Paul C. ULRICH, Plaintiff-Appellant, v. MOODY'S CORPORATION, Moody's Investors Service, Inc., Defendants-Appellees.
Plaintiff Paul Ulrich, proceeding pro se, appeals from the dismissal of so much of his complaint against his former employer, Moody's Corporation and Moody's Investor Services, Inc. (collectively, “Moody's”), as alleged violations of the Sarbanes-Oxley (“SOX”), Dodd-Frank, and Sherman Antitrust Acts, and defamation and breach of his employment contract; and from the award of summary judgment to Moody's on claims of discrimination and retaliation under the Age Discrimination in Employment Act (“ADEA”). See Ulrich v. Moody's Corp., No. 13-CV-8 (VSB), 2014 WL 4977562 (S.D.N.Y. Sept. 30, 2014) (granting dismissal in part); Ulrich v. Moody's Corp., No. 13-CV-8 (VSB), 2017 WL 1232709 (S.D.N.Y. Mar. 31, 2017) (awarding summary judgment on remaining claims). We assume the parties' familiarity with the facts and the record of prior proceedings, which we reference only as necessary to explain our decision to affirm.
“We review de novo a district court's dismissal of a complaint pursuant to Rule 12(b)(6), construing the complaint liberally, accepting all factual allegations in the complaint as true, and drawing all reasonable inferences in the plaintiff's favor.” Chambers v. Time Warner, Inc., 282 F.3d 147, 152 (2d Cir. 2002). We review orders granting summary judgment de novo, assessing whether the district court properly concluded that no genuine dispute existed as to any material fact and the moving party was entitled to judgment as a matter of law. See Sotomayor v. City of N.Y., 713 F.3d 163, 164 (2d Cir. 2013). We review the denial of leave to amend a complaint for abuse of discretion. See Anderson News, L.L.C. v. Am. Media, Inc., 680 F.3d 162, 185 (2d Cir. 2012).
Upon independent review of the record, and for the reasons stated in the magistrate judge's March 31, 2014 Report and Recommendation (“R&R”), and the district court's September 30, 2014 and March 31, 2017 orders, we conclude that the district court properly ordered dismissal and summary judgment.
In challenging dismissal of his SOX and Dodd-Frank claims, Ulrich argues that his case is distinguishable from Liu Meng-Lin v. Siemens AG, 763 F.3d 175, 183 (2d Cir. 2014) (holding that anti-retaliation provision of Dodd-Frank does not apply extraterritorially). We are not persuaded because, although Ulrich, a United States citizen who sometimes interacted with Moody's United States managers, did allege more connection with the United States than was evident in Liu, he was nevertheless an overseas permanent resident working for a foreign subsidiary of Moody's, and the alleged wrongdoing and protected activity took place outside the United States. In these circumstances, Liu compelled dismissal.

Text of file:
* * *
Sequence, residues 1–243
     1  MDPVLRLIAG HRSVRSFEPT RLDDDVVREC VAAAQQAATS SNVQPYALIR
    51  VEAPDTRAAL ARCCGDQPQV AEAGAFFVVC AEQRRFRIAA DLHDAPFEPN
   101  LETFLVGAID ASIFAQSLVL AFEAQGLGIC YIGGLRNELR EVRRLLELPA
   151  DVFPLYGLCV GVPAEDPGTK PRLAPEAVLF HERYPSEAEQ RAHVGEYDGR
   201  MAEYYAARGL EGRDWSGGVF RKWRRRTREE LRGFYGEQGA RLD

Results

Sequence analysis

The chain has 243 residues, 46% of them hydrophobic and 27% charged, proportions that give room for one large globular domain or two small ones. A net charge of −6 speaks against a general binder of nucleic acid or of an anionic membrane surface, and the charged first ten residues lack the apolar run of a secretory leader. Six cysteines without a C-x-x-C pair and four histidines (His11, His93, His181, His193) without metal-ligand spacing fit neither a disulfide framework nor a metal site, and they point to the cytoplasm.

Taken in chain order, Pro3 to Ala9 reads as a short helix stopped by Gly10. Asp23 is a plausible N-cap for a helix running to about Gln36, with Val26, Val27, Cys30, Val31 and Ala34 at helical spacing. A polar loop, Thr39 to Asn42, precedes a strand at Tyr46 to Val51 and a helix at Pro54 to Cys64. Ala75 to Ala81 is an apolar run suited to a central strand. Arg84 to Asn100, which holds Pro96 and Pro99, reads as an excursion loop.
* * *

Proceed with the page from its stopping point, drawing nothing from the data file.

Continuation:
As to defamation, Ulrich argues that the district court applied the incorrect definition of malice to overcome the qualified privilege. He is wrong. See Ulrich v. Moody's Corp., 2014 WL 4977562, at *9 (stating that under Hong Kong law, malice requires plaintiff to show that “statements were intended to injure him, or that the speaker lacked an honest belief in the truth of the statement” (emphasis added)). Moreover, contrary to Ulrich's assertions, the record does not support his contention that statements made in his performance reviews were knowingly false. As for his breach of contract claims, Ulrich waived any challenge to dismissal by failing to object, despite appropriate warnings, to the R&R's recommendation that they be dismissed based on Ulrich's status as an at-will employee under New York law. Cf. Small v. Sec'y of Health & Human Servs., 892 F.2d 15, 16 (2d Cir. 1989) (“[A] pro se party's failure to object to a magistrate's report and recommendation ․ does not operate as a waiver of the right to appellate review of the district court's adoption of the magistrate's recommendation unless the magistrate's report explicitly states that failure to object ․ will preclude appellate review.”). Finally, Ulrich's Sherman Act claims were properly dismissed for lack of antitrust standing. See Gatt Commc'ns, Inc. v. PMC Assocs., L.L.C., 711 F.3d 68, 76–81 (2d Cir. 2013) (discussing requirements for antitrust injury).
In challenging summary judgment on his ADEA claims, Ulrich faults the district court's presentation of the facts. On our own review, we identify no error in the district court's careful and fair recitation of the evidence presented on summary judgment. Nothing in the record supports the requisite causal connection between Ulrich's age and either his low pay or eventual termination. See Gross v. FBL Fin. Servs., Inc., 557 U.S. 167, 180, 129 S.Ct. 2343, 174 L.Ed.2d 119 (2009); Gorzynski v. JetBlue Airways, Corp., 596 F.3d 93, 106, 111 (2d Cir. 2010). Further lacking is any evidence admitting a finding that Moody's reliance on well-documented negative feedback about Ulrich's job performance and insubordination was a pretext for retaliatory suspension and termination. See, e.g., Schnabel v. Abramson, 232 F.3d 83, 87–88 (2d Cir. 2000).
Finally, the district court acted well within its discretion in denying leave to amend. Ulrich had already been afforded opportunity to amend—and did so in response to Moody's first motion to dismiss. Nothing suggests further amendment would cure the deficiencies in Ulrich's amended complaint. See Yerdon v. Henry, 91 F.3d 370, 378 (2d Cir. 1996) (identifying no abuse of discretion where plaintiff had amended complaint once and did not submit proposed second amended complaint, and defendants had already moved to dismiss).
We have considered Ulrich's remaining arguments and conclude that they are without merit. Accordingly, we AFFIRM the judgment of the district court.